It appears that the ancestor of all bicycles and velocipedes dates from the year 1818; an invention of a Frenchman, a certain Baron du Brais. The Baron's machine was a very simple contrivance, consisting of two wooden wheels, one behind the other, connected by a curved plank, on which sat the driver, propelling himself by pushing with his feet on the ground. This machine, which was described as one "by which you can ride at your ease, and are obliged to walk in the mud at the same time," received the name of the "hobby horse." It was introduced into London shortly, but soon died a natural death, hastened, no doubt, by the extravagant caricatures of it, and by the impression that its rider acquired neither velocity, comfort, nor elegance.
Until about 1860 nothing more was heard of the bicycle; but in the mean time men had been expending their genius on "polycycles," machines of four, six, and even eight wheels, all of which required too many cogs, levers, etc. to meet with success. In 1862, however, an American inventor, recognizing the utility and simplicity of a direct crank action, operated by pedal power, on a revolving axle, turned his attention to the development of the principle involved, and the result was the improved "hobby horse" which in 1869 jumped so suddenly into favor both in this country and in Europe, under the cognomen of the "velocipede." Clumsy as this machine was in make, it is certain that, if the "hobby horse" of 1818 can be termed the ancestor, this of 1869 is entitled to be called the father, of the perfected bicycle.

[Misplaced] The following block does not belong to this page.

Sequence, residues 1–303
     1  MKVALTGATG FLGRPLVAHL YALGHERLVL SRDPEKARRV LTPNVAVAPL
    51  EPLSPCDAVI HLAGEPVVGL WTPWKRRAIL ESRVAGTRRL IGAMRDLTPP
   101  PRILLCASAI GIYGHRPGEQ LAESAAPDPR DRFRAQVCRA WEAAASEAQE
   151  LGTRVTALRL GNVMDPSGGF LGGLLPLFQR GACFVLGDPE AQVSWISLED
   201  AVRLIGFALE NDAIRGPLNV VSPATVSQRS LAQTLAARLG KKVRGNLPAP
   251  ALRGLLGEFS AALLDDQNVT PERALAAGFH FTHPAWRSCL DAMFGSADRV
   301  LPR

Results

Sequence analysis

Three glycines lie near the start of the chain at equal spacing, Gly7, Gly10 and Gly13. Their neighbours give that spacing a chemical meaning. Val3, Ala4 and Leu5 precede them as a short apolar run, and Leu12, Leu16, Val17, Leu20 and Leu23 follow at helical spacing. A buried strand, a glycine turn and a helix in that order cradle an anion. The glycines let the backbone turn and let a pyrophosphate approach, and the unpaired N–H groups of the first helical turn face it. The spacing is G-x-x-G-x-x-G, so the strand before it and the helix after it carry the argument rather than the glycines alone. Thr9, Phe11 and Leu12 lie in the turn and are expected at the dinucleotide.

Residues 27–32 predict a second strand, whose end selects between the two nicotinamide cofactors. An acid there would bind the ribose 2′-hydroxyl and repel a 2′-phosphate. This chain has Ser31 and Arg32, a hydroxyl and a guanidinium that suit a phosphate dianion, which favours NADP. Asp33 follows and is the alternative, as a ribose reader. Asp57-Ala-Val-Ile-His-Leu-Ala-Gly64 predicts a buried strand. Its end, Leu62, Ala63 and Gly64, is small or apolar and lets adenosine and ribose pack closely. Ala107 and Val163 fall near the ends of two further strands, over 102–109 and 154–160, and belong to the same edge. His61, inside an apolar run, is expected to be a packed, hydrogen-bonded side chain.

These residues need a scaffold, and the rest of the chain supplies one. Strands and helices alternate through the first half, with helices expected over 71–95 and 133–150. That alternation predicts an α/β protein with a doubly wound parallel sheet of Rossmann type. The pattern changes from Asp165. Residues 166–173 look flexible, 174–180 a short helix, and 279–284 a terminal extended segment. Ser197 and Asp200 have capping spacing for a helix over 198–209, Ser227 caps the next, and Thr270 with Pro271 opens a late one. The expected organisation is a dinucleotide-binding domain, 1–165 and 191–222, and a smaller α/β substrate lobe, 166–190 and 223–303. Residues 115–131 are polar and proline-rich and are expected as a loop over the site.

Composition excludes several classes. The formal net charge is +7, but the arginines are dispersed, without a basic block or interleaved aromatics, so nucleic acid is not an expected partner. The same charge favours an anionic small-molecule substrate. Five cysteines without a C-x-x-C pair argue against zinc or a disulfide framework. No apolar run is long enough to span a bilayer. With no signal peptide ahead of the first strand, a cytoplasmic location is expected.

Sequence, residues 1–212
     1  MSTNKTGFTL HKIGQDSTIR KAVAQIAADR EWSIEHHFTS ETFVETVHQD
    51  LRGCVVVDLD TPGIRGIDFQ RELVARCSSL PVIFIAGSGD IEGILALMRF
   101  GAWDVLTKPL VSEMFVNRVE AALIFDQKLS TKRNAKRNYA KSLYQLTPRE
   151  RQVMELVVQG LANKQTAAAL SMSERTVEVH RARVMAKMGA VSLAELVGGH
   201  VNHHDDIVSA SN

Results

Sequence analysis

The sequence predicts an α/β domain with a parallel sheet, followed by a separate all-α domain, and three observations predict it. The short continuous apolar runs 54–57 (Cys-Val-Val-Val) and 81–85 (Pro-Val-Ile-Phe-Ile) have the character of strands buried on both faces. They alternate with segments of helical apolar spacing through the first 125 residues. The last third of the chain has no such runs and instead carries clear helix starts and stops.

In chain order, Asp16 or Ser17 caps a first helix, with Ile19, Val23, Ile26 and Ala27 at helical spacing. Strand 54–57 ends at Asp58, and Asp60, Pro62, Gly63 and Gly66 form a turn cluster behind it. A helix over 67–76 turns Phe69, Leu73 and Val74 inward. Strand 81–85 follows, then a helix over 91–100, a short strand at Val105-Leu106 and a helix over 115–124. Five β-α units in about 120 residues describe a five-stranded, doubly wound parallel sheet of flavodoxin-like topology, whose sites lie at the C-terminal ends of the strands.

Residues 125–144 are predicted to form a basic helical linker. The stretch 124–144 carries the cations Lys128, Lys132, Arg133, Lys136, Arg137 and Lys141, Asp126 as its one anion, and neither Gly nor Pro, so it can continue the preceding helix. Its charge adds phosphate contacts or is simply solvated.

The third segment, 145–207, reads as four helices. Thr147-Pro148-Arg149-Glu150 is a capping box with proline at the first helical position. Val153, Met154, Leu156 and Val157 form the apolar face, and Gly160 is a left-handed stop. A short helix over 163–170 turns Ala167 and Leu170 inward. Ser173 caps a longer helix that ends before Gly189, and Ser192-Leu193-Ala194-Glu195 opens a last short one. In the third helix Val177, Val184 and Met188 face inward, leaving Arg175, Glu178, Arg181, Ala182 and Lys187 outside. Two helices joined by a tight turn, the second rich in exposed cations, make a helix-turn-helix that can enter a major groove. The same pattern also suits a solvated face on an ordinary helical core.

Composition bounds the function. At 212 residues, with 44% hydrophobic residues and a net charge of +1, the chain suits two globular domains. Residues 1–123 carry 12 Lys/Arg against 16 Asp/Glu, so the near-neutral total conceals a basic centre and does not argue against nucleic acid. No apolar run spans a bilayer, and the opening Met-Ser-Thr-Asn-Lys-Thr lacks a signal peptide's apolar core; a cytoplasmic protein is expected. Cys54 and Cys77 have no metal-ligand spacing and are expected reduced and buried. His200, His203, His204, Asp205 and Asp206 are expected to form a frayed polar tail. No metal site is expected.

We all remember how soon the velocipede fever died out in this country; but in England and France it had a different fate. First the driving-wheel was enlarged, and the rear wheel reduced, by which alterations not only greater speed was gained, but the rider was so placed as to expend his energy to the best advantage, viz. directly over, instead of behind the axis of power. The next step was to substitute iron and steel for wood, producing a machine of more elegant appearance and greater strength.
It was left to England, however, to perfect the machine, and combine with elegance and strength the simplicity of the present bicycle; and in fact the bicycle of to-day is as superior to the velocipede of 1869 as that was superior to the hobby-horse of 1818.
So much for the history of the bicycle. And now can it be successfully introduced? This can be answered only by those who are interested in its existence. The Athletic Association has decided to offer prizes for one-mile, two-mile, and three-mile races, in the Springfield Meeting, and it will do all it can to help along a sport that is manly and enjoyable.
Messrs. Cunningham and Heath, Pearl Street, have a splendid assortment of the most improved English bicycles, and they offer rare chances of learning to ride the vehicle in a large room used for that purpose only. Their room is a capital place of exercise also for those who think of entering into the bicycling club or races.
Decidedly we hope before long to see a bicycling club formed at Harvard. Almost all our athletic sports have in some form or other availed themselves of the advantages attached to the club system, and to it is due, to no inconsiderable extent, the great increase of athletics of every description.
A federation of individuals for the purpose of extracting from some particular sport a greater amount of enjoyment than could be otherwise obtained is a practical example of the old adage, "Union is strength." Without such federations many of our pastimes would languish instead of being, as they now are, in the vigor of strength; and in some cases they would not even languish, but would inevitably cease to exist.
W. G. T.